VM Uptime

Use Case: calculate the VM uptime within the 5-minute collection cycle.

This particular super metric wasn’t fully implemented in the product due to the false positive from the raw vCenter counter that was discovered during validation. So I’m providing as an example of what you can do with super metric.

The up time of a VM is more complex than that of a physical machine. Just because the VM is powered on, does not mean the Guest OS is up and running. The VM could be stuck at BIOS, Windows hits BSOD or Guest OS simply hang. This means we need to check the Guest OS. If we have VMware Tools, we can check for heartbeat. But what if VMware Tools is not running or not even installed? Then we need to check for sign of life. Does the VM generate network packets, issue disk IOPS, consume RAM?

Another challenge is the frequency of reporting. If you report every 5 minutes, what if the VM was rebooted within that 5 minutes, and it comes back up before the 5th minute ends? You will miss that fact that it was down within that 5 minutes!

From the above, we can build a logic:

If VM Powered Off then Return 0. VM is definitely down.

Else Calculate up time within the 300 seconds period.

In the above logic, to calculate the up time, we need first to decide if the Guest OS is indeed up, since the VM is powered on.

We can deduce that Guest OS is up is it’s showing any sign of life. We can take Heartbeat from Tools. What if there no Tools or Tools not returning heartbeat? We need to have fail back plan. So we check memory usage, network usage and Disk IOPS.

Can you guess why we can’t use CPU Usage?

VM does generate CPU even though it’s stuck at BIOS. We need a counter that shows 0, and not a very low number. An idle VM is up, not down.

So we need to know if the Guest OS is up or down. We are expecting binary, 1 or 0. Can you see the challenge here?

Yes, none of the counters above is giving you binary. Disk IOPS for example, can vary from 0.01 to 10000. The “sign of life” is not coming as binary.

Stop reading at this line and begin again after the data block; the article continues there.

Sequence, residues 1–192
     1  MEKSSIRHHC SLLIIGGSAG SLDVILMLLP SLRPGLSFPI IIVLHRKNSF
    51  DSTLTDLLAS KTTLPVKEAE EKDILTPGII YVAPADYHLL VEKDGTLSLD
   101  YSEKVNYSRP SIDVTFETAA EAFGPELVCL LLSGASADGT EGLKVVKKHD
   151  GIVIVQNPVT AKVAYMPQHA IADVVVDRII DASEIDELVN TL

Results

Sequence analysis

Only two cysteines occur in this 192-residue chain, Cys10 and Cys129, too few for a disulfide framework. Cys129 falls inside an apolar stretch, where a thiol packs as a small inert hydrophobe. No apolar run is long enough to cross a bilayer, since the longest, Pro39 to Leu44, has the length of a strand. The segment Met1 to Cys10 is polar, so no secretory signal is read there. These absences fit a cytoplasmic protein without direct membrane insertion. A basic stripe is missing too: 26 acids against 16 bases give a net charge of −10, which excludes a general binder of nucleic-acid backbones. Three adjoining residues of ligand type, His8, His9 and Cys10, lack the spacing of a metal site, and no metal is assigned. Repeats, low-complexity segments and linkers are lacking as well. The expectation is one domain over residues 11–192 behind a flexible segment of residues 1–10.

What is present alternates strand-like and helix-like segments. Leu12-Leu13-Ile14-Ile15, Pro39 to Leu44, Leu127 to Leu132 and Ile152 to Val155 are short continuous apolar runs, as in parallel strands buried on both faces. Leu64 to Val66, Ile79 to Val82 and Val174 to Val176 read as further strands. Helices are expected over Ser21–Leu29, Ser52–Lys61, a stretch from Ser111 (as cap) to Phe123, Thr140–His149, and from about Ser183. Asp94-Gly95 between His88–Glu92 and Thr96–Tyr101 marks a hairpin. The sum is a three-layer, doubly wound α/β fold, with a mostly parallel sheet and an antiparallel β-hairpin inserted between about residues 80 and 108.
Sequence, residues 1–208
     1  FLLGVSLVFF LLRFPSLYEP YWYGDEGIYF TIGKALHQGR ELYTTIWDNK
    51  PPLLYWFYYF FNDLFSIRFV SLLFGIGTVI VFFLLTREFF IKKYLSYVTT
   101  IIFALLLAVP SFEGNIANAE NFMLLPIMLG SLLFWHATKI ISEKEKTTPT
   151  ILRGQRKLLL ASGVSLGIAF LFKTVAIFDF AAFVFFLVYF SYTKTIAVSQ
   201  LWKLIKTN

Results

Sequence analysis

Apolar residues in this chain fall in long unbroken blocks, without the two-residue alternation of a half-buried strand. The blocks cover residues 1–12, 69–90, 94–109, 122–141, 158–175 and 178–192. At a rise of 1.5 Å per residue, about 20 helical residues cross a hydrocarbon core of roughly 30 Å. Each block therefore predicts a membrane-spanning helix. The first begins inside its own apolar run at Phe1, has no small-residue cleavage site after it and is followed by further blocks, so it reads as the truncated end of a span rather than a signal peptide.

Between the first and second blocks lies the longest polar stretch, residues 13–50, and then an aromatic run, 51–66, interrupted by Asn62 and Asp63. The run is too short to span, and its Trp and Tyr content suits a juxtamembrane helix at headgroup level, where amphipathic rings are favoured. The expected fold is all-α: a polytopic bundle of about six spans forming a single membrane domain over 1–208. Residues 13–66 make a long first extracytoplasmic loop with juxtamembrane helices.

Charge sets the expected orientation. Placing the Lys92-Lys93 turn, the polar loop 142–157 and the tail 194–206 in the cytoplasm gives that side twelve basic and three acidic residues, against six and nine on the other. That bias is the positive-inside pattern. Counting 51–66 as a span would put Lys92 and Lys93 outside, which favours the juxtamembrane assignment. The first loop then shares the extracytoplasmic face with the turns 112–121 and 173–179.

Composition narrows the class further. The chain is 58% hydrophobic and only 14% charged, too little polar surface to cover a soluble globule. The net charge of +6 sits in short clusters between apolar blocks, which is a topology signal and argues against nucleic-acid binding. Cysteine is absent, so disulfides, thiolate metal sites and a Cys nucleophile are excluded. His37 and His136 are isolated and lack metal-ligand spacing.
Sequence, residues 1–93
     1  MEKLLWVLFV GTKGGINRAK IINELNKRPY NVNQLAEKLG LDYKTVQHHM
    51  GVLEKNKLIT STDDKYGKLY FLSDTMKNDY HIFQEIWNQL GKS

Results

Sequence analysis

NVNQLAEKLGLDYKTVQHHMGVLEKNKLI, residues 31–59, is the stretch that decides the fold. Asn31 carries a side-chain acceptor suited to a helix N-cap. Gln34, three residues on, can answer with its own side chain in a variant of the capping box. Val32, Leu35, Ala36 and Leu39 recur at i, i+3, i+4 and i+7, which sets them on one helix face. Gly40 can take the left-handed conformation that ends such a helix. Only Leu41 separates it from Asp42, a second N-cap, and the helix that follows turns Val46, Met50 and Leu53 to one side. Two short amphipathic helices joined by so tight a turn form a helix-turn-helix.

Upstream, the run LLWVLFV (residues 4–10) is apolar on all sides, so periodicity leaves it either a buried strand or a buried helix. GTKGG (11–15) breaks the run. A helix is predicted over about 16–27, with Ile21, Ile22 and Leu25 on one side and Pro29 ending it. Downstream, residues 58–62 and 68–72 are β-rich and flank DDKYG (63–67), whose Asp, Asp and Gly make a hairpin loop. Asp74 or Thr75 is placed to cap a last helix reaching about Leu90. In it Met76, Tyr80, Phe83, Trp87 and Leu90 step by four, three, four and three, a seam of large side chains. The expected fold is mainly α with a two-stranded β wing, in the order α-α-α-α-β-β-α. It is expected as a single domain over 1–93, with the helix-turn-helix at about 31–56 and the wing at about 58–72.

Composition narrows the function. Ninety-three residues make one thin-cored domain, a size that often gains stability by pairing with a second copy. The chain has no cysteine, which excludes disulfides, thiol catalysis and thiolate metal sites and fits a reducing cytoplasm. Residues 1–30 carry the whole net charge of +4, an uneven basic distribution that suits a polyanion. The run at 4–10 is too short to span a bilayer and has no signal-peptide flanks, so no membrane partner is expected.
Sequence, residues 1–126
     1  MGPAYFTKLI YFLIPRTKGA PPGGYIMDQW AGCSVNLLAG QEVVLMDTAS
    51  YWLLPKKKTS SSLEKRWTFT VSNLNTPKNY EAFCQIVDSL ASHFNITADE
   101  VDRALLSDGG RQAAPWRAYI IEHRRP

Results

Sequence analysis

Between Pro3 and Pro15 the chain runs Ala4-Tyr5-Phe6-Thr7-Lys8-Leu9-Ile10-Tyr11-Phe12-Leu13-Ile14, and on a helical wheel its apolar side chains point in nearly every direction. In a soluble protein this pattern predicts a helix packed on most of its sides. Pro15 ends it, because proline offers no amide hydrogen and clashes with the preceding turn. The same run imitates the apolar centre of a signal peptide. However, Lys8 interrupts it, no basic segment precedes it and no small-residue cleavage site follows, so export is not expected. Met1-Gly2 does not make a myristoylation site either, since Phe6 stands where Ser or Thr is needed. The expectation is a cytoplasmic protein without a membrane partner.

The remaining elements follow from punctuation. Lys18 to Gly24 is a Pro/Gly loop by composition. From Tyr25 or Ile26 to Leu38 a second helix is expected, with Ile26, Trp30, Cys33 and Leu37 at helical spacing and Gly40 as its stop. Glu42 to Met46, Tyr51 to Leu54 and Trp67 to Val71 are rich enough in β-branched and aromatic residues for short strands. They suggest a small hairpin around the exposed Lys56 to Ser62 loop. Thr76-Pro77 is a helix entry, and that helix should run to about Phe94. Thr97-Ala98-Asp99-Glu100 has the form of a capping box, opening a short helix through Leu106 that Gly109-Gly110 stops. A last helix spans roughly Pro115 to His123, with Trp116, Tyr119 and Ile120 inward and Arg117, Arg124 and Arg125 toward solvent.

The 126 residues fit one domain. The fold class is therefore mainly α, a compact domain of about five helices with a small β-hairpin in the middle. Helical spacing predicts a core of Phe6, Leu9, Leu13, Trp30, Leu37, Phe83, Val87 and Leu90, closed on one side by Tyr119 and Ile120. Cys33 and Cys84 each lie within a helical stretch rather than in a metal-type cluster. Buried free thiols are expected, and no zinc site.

We need to convert them into 0 or 1. 0 is the easy part, as they will be 0 if they are down.

I’d take Network Usage as example.

  • What if Network Usage is >1? We can use Min (Network Usage, 1) to return 1.
  • What if Network Usage is <1? We can use Round up (Network Usage, 1) to return 1.

So we can combine the above formula to get us 0 or 1.

The last part is to account for partial up time, when the VM was rebooted within the 300 seconds sampling period. The good thing is vR Ops tracks the OS up time every second. So every 5 minute, the value goes up by 300 seconds. As VM normally runs >5 minutes, you end up with a very large number. Our formula becomes:

If the up time is >300 seconds then return 300 else return it as it is.

Let’s now put the formula together. Here is the logical formula:

Uptime calculation

Can you write the above formula differently? Yes, you can use If Then Else. I do not use it as it makes the formula harder to read. It’s also more resource intensive.

Let’s translate the above into a pseudcode.


Lastly, here is what it looks like in actual code. I’ve optimized the last bit to /3. No point multiply by 100 then divide by 300.

Final code example

This page was last updated on July 1, 2021 by Stellios Williams with commit message: "Added image alt-text, re-added links, cleaned Markdown, re-wrote most tables in Markdown"